Tuesday, March 28, 2017

Git a Hot Tub

Today is Hot Tub Day.  Hot Tub Day is an annual “holiday” that serves as a reminder to relax and unwind after a hard day’s work.

Or you could just listen to James Brown.

March 28, 1940 -
United Artists released the Alfred Hitchcock adaptation of Daphne Du Maruier's atmospheric thriller, Rebecca, starring Laurence Olivier, Joan Fontaine and Judith Anderson on this date.

Over 20 actresses were tested for the role of the second Mrs. de Winter, which eventually went to newcomer Joan Fontaine. One of them was Vivien Leigh, who Laurence Olivier was pressing for, as they were a couple at the time.

March 28, 1941 -
Universal Pictures
released 'the B movie',  Man Made Monster starring Lionel Atwell and Lon Chaney, Jr. on this date.

Man-Made Monster launched Lon Chaney Jr.'s career as a star in horror films and the film's success directly led to his casting in the big budget role of his career, The Wolf Man.

March 28, 1942 -
Another fine Looney Tunes cartoon, The Wabbit Who Came to Supper, was released on this date.

As Bugs steps out of the bathtub and readjusts his towel (at appx 3:00 in), the white tub in the gap between his legs creates the illusion that he is exposing himself.

Try not to go back and look.

March 28, 1963 -
Alfred Hitchcock's
follow-up to Psycho, The Birds, starring Rod Taylor and Tippi Hedron premiered in New York on this date.

Rod Taylor claims that the seagulls were fed a mixture of wheat and whiskey. It was the only way to get them to stand around so much.

March 28, 1967 -
broke new ground in television programming by using a world-premiere, feature length movie as the preview of a potential new television series called Ironside, on this date.

I've often wondered what the line item budget was for nipple rouge on this film?

March 28, 1974 -
Writer and comedian, Pat McCormick, carrying a cocktail streaked nude across the set of The Tonight Show starring Johnny Carson, forcing NBC censors to black out the lower half of the screen.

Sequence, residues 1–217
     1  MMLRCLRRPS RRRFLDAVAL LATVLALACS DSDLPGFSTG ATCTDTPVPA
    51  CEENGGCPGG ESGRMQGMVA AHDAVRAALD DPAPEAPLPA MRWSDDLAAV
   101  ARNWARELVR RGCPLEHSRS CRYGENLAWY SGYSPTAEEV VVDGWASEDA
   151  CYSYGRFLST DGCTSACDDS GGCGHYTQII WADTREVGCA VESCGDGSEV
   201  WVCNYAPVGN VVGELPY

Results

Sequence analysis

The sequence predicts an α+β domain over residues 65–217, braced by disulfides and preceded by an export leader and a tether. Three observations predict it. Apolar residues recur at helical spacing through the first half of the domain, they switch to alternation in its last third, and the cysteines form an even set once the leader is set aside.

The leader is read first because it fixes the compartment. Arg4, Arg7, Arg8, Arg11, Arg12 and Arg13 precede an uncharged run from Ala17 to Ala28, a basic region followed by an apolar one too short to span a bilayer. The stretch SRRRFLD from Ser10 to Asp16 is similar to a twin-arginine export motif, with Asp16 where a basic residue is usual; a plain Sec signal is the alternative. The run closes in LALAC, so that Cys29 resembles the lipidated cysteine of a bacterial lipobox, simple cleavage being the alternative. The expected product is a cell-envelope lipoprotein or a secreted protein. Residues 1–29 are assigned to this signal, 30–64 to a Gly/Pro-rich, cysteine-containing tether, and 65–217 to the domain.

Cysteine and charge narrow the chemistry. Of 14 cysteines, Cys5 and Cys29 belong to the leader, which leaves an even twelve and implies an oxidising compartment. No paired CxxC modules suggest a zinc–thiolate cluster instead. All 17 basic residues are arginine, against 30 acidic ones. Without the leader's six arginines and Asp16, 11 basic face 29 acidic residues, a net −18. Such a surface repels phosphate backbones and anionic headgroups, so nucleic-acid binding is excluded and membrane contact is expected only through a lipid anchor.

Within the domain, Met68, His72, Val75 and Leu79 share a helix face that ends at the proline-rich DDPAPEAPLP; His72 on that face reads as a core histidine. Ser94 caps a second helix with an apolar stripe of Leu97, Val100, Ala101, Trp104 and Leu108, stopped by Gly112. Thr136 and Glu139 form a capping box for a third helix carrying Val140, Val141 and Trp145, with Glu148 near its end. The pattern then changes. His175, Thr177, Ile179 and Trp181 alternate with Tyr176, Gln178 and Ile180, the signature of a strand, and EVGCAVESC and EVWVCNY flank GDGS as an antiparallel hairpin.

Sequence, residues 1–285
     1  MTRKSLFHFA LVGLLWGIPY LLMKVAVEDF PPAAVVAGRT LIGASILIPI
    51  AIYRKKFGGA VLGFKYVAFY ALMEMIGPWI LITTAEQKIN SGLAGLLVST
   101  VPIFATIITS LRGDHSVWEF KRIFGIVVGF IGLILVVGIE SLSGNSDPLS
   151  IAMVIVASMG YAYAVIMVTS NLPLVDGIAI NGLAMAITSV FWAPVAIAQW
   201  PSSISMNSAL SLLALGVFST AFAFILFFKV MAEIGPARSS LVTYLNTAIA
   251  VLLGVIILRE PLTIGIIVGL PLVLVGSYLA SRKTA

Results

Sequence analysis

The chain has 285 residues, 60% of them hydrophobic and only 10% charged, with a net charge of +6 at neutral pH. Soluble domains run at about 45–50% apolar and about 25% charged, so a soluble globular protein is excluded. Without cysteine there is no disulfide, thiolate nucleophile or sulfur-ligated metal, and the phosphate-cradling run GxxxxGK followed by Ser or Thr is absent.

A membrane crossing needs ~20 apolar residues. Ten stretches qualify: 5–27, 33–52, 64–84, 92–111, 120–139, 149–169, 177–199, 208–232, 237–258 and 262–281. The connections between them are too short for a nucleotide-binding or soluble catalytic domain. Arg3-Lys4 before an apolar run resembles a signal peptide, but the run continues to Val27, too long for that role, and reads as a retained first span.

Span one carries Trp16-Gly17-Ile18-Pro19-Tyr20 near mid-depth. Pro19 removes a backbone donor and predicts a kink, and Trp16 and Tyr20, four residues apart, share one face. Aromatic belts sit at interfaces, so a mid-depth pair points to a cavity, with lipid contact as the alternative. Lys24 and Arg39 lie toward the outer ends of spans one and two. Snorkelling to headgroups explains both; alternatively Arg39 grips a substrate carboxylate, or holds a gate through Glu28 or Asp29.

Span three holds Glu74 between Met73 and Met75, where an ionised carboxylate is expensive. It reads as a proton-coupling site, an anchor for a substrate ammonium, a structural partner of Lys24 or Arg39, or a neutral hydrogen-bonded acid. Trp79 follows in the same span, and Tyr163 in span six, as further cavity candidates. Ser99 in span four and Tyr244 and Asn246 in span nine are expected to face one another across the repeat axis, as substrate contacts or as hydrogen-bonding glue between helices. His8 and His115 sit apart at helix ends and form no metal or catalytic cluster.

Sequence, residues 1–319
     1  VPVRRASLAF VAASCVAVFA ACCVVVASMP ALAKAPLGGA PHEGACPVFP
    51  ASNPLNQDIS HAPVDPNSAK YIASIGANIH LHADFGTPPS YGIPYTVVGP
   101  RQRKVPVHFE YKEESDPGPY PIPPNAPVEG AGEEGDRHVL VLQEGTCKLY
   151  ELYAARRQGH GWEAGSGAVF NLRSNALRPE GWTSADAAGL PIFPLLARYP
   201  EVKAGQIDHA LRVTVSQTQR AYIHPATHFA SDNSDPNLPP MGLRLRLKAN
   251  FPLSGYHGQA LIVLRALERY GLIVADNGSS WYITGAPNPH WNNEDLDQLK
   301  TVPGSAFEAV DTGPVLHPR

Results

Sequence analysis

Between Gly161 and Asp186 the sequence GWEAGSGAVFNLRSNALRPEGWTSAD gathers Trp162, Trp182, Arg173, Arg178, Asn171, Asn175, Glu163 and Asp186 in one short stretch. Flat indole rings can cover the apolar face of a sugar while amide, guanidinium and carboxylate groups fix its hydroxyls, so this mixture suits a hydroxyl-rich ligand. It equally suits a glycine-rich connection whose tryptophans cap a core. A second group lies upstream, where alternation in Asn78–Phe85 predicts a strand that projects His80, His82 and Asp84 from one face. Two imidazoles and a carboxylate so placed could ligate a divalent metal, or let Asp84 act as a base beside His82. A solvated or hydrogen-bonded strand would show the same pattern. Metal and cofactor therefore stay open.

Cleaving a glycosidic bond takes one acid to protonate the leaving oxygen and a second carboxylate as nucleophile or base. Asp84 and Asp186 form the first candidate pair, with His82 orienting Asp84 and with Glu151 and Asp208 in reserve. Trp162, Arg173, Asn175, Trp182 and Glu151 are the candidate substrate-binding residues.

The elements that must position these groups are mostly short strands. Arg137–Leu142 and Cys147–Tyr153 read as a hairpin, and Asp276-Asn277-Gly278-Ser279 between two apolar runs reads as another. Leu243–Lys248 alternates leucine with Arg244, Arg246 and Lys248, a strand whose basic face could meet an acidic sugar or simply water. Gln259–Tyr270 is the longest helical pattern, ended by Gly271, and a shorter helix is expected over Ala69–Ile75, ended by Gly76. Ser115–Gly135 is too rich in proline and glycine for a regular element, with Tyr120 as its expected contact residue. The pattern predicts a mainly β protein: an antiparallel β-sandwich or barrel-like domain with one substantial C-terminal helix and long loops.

the streaker was arrested and later released, said Carson, for "lack of evidence."

We'd zoom our way to Mars

Today in History:
March 28, 0 -

According to Des Pascha Comutus, a treatise written in 243 CE (because you know, I sit around and read old Latin treatises all the time,) Jesus Christ's birthday was March 28. It later became the familiar December 25 after the Catholic Church changed it in 336 AD.

(kids, ask your folks if you can watch this video, it contains words that some people may find offensive.  I find the laws in North Carolina offensive but I let those people live in their hateful ignorance.)

So, Merry Christmas everybody.

March 28, 37 -
Caligula took a break from the close relationship he had with his sisters and the unnatural congress he engaged in with his horse, to accepts the titles of the Principate awarded by the Senate and entered Rome triumphantly as Emperor.

Unlike his predecessors, Caligula was the first of the men who would serve as full-fledged emperors, with unlimited power. And luckily for the Roman empire, he was cruel, probably insane and a sexual deviant.

The weekends must have been a blast at the Palace.

March 28, 193 -